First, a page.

Hitchhiking In The Afternoon

One must always try to help one’s fellow creature, but it’s hard not to have your guard up when letting a random stranger into your car, or when getting into a car with someone you’ve never seen before. For the paranoid out there it does little to calm the mind when someone mentions that you are statistically unlikely to be kidnapped or harmed when asking for a lift from the side of a road. Highly unlikely only implies slightly likely and that has a somewhat different ring to it when you put it that way. I am not generally paranoid, but I can’t say that the thought hasn’t entered my mind on the few occasions on which I’ve put myself in that compromising position.

The first was a few a few months ago when I was returning home from college – a 30Km journey – with a friend in his car. I knew we would stop at the service centre but I underestimated just how slow their service actually was. When we arrived there, the staff were on lunch break so what we expected to be a 30-minute procedure, was estimated to take up to three hours (What kind of a lunch break lasts two and a half hours?). My friend decided to stay the three hours and I was going to take the bus from where we were. Busses at that time of the day are scarce, so I decided to try and hitchhike for the first time, the remaining three-quarters of the journey. Do I just ask the first person I see? Am I going to have to pick who I want to get in a car with? Yes, I should. I let a few people go, and a few people, in turn, went right past my backward curled thumb. After a few minutes, an old guy driving an old but well-maintained car stopped to ask where I was heading. Bingo! We were going to the same city, so I stepped in and off he drove.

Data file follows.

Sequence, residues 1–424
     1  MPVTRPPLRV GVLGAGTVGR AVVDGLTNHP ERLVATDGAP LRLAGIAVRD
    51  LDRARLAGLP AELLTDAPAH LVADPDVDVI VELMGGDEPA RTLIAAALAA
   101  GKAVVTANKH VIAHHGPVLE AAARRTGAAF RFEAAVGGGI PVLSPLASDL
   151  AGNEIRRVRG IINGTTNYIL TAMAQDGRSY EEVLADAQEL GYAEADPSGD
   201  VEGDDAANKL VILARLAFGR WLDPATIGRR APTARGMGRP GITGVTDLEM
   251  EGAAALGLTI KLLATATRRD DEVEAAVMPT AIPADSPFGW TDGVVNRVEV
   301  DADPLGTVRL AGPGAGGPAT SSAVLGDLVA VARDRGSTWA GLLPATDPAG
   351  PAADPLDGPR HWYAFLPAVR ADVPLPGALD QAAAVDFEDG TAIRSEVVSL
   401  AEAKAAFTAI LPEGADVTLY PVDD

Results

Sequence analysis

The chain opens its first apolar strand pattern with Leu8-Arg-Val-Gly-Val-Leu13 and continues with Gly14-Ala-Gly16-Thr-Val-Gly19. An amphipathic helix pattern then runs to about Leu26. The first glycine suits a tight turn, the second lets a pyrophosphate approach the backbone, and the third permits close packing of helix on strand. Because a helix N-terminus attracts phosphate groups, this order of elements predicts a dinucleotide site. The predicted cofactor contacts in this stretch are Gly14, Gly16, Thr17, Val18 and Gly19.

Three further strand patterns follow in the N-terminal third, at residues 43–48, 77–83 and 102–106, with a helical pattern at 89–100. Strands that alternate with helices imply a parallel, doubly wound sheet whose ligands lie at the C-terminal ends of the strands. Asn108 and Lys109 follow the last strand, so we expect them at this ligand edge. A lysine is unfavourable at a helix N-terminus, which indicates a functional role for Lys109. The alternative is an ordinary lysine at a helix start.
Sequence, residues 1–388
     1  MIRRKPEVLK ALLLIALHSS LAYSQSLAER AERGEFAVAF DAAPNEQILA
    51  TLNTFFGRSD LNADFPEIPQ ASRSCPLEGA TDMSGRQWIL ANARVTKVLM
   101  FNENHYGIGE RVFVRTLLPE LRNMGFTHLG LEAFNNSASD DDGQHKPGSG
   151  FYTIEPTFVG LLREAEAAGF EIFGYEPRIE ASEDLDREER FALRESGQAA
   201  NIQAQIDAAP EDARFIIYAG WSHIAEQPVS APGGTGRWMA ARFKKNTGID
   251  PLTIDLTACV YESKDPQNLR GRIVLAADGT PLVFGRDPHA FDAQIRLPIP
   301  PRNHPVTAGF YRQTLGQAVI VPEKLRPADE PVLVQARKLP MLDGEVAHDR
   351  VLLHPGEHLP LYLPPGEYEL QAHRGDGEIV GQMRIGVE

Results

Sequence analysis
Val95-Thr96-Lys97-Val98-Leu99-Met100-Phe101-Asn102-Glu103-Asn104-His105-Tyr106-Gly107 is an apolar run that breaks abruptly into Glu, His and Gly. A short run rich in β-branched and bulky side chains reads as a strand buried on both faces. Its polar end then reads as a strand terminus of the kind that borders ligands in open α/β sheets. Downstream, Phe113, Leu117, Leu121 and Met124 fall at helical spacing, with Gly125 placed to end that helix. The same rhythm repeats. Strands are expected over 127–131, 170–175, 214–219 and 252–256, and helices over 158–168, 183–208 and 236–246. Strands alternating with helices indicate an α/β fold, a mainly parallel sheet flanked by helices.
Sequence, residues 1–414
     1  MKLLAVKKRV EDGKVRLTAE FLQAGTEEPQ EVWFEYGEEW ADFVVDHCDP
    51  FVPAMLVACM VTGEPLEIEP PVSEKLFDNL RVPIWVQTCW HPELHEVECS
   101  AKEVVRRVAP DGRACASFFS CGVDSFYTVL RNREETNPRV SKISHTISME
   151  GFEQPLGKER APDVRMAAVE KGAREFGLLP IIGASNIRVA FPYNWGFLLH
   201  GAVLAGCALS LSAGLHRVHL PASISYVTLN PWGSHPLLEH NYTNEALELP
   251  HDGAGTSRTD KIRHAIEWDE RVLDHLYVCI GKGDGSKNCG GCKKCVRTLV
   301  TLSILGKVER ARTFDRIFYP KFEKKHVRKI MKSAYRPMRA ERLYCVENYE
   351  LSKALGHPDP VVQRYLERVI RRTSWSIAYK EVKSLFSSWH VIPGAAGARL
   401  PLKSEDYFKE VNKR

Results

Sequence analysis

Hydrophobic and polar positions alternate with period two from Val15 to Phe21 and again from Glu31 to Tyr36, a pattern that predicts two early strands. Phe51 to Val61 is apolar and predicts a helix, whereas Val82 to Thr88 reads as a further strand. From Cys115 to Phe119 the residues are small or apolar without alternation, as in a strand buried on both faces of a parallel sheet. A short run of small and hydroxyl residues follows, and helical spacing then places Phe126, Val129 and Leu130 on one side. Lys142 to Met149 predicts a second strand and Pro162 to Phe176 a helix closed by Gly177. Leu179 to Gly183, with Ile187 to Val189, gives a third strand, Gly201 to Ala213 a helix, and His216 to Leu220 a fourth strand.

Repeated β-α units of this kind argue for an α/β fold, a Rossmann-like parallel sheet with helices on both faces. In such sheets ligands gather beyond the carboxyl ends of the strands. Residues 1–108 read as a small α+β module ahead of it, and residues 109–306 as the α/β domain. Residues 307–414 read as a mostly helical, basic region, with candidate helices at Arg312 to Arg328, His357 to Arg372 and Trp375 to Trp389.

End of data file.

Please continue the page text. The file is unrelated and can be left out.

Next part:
The man was a very jolly fellow. He spoke to me the entire journey. He told me that he was just returning from his favourite restaurant where he’d gone for lunch. He told me about his son who was working in the UK and that he was going to visit him soon. A retired widower, he spent most of his time travelling the country in his little car, in search of new experiences, serene views, exquisite cuisines and meeting new and interesting people. It’s nice when old people are so lively. In that old car, I found a breath of fresh air. You are never too old to enjoy yourself, never too old to seek joy and happiness. Experiences are what we live for. Why should we make memories when we are young and recall them in old age when there are so many more experiences to be had even when we are old? If you have a wish, go and fulfil it. Visit that city you wanted to see all your life, go lie on that beach you’ve only seen in pictures, call an old friend you haven’t spoken to in years, read those plays of Shakespear, the poems of Milton, novels by Nabokov and the other great works of literature that you wish you’d read a long time ago. The pursuit of happiness is a lifelong endeavour. Let us strive when we are old to be just as jolly as that old man in that old car, enthusiastically looking forward to the next big adventure.


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